- Prehosp Disaster Med 2014 Oct 10.:1-4.
Introduction Ambulance staff face complex and sometimes stressful or potentially traumatic situations, not only in disasters but also in their routine daily work. The aim of this study was to survey ambulance managers' descriptions of crisis support interventions for ambulance staff after potential traumatic events (PTEs).Semistructured interviews with a qualitative descriptive design were conducted with six ambulance managers in a health care region in central Sweden. The data was analyzed using content analysis. Result Five categories were found in the result: (1) description of a PTE; (2) description and performance of crisis support interventions; (3) impact of working in potentially traumatic situations; (4) the ambulance managers' role in crisis support interventions; and (5) the ambulance managers' suggestions for improvement. Ambulance managers described crisis support interventions after a PTE as a single, mandatory group meeting with a structure reminiscent of debriefing. The ambulance managers also expressed doubts about the present structures for crisis support and mentioned an alternative approach which is more in line with present evidence-based recommendations.The results indicated a need for increased understanding of the importance of the managers' attitudes for ambulance staff; a need for further implementation of evidence-based recommendations for crisis support interventions was also highlighted. Hugelius K , Berg S , Westerberg E , Gifford M , Adolfsson A . Swedish ambulance managers' descriptions of crisis support for ambulance staff after potentially traumatic events. Prehosp Disaster Med. 2014;29(6):1-4 .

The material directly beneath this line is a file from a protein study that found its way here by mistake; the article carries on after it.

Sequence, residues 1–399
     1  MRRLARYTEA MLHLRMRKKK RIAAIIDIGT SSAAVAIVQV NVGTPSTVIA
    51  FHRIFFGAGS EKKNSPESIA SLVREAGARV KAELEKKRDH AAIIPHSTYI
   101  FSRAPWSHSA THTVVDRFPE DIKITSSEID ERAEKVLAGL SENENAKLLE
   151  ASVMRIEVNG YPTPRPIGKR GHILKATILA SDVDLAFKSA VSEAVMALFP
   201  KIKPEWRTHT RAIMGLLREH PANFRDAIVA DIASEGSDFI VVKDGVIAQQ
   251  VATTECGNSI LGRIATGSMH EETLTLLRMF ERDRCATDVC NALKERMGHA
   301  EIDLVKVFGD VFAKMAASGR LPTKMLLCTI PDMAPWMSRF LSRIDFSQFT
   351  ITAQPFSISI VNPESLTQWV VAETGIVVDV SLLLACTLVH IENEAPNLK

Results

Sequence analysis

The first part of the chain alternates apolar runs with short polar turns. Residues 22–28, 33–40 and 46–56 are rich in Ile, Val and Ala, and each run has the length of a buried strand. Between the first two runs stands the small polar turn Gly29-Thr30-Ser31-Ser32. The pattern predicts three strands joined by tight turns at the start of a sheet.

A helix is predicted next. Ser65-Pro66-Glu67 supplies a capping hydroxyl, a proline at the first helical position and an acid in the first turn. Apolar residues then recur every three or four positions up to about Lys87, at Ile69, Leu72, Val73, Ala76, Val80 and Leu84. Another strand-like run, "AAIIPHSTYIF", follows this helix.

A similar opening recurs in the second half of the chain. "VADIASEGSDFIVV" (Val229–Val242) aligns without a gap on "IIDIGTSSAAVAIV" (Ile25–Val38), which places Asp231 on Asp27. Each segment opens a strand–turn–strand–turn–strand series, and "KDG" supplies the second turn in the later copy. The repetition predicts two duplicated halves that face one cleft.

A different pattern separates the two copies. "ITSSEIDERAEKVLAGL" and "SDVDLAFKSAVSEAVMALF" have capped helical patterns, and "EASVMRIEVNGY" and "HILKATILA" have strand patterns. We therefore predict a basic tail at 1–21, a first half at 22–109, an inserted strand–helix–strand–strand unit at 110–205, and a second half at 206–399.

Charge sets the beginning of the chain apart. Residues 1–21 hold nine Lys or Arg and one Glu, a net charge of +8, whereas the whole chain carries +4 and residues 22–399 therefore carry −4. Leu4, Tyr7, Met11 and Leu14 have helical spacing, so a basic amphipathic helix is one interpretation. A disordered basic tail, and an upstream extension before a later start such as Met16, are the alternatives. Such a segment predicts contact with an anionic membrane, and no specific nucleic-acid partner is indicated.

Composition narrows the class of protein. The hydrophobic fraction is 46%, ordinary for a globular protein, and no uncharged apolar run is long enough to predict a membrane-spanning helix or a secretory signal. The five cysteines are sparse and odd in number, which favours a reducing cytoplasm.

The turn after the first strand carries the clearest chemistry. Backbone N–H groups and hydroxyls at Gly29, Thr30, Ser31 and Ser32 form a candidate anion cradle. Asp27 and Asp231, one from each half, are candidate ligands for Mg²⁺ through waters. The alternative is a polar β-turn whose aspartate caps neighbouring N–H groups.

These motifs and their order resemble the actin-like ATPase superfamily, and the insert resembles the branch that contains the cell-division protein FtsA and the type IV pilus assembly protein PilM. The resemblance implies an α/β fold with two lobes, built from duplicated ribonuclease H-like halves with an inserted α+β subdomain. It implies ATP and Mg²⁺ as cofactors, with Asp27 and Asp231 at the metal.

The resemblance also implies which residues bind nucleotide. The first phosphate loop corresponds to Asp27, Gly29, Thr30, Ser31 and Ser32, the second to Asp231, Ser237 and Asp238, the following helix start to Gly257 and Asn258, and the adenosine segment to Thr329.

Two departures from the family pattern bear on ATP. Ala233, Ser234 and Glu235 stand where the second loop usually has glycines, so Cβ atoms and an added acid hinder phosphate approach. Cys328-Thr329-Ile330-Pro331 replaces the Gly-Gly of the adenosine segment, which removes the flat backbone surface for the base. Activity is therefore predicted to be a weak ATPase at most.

- Hospital Disaster Response Using Business Impact Analysis. [JOURNAL ARTICLE]
- Prehosp Disaster Med 2014 Sep 30.:1-8.